Did you know that Chuck D, the frontman of iconic rap group Public Enemy, trained as a graphic designer? Also known as Carlton Ridenhour (b. 1960), Chuck D graduated in 1984 with a Bachelor of Fine Arts degree from Adelphi University in New York.

What is now Public Enemy’s instantly recognizable logo was designed by hand by Chuck D in 1986, the year the group was founded. He notes that at the time, there were “no computer[s] or Photoshop” to build designs – only the essentials, like magic markers, white-out, and Exacto knives.

The ink on paper drawing in our collection reflects the sketch-like quality that Chuck D’s early mock-up of the Public Enemy logo must have had. The emcee specifically created this drawing for display in our Musical Crossroads exhibition. While completing the sketch, he explained to Museum Specialist Timothy Anne Burnside that the central figure’s silhouette was sourced from a picture of E Love next to LL Cool J and the text was first laid out using a stencil.

While people sometimes interpret the figure as a state trooper because of his hat, he is actually a representation of an African American B-Boy. His hat references one worn by hip-hop group Run-D.M.C.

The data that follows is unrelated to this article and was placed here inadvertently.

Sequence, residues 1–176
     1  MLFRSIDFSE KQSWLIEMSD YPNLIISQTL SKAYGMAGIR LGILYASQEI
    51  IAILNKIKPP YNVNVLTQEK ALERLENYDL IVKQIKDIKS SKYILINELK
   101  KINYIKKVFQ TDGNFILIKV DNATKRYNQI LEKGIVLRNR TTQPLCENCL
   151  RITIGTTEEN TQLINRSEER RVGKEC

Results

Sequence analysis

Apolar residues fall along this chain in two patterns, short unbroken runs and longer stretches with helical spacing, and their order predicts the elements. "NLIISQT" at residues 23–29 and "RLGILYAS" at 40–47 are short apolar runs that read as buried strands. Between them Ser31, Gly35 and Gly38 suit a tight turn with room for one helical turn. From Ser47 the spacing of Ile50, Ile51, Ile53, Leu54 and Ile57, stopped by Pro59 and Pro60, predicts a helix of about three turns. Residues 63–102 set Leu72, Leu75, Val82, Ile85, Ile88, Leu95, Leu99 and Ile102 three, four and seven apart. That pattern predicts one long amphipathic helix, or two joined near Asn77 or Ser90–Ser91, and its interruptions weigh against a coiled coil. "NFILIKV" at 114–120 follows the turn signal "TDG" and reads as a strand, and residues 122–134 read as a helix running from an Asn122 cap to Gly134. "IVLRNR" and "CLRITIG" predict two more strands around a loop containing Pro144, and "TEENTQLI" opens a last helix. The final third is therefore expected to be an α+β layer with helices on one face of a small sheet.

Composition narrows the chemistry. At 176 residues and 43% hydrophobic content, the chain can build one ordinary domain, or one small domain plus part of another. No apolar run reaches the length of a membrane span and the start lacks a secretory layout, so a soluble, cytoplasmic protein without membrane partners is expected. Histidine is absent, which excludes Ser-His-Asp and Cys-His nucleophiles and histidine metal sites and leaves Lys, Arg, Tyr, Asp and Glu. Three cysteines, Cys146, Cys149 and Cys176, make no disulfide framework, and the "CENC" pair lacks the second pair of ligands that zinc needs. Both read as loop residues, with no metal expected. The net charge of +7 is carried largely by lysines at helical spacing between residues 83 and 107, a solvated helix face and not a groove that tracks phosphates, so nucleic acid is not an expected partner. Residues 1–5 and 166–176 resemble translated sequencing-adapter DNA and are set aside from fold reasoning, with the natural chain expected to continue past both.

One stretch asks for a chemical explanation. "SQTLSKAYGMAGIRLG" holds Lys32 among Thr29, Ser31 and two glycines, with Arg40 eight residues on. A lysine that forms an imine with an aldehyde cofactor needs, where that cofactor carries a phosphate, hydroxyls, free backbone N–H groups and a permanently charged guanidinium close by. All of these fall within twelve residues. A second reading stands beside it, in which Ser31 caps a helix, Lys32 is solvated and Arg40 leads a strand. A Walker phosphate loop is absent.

The target through which we view the figure is identifiable as the crosshairs of a gun sight. “The crosshairs logo symbolized the black man in America,” explains Chuck D. As the graphic emblem of the politically engaged Public Enemy, the logo blatantly portrays the violence suffered by African Americans at the hands of the police and the state – in the eighties and still today. It also calls attention to Public Enemy’s role as, in Chuck D’s words, the “black CNN,” addressing issues of racial inequality that were otherwise overlooked by mainstream media.

To reflect Public Enemy’s political bent in the group’s overall look, Chuck D drew inspiration from bands like the Rolling Stones and Led Zeppelin, whose identities encompassed more than just their sound – but also their “sight” and “story.” From their logo to their album covers and uniforms, Public Enemy’s identifiable branding stems from Chuck D’s thoughtful initial design.

“When it came to be around that potential time of making logos, I wanted to make something that understood what a logo could do, you know? Look at the Rolling Stones. The tongue and the lips say it all without you looking at the font. I wanted to be able to make something that detaches. I don’t think there’s too many logos out there that don’t deal with a font, that you can detach and know what it is. Wu-Tang is still the W, but that kinda comes close. But Public Enemy… no font whatsoever. Circle with a man, you know what it is.” -Chuck D

We don’t often stop to consider the impact of design elements like logos on our daily lives. These graphics shape our perceptions and understanding of the world around us. For entities like Public Enemy, who take on a radical position, visual choices become tied to activist engagement.

If you were to design a logo for a band today, how would it reflect our current political reality?

Check out more Public Enemy objects in the collection here.


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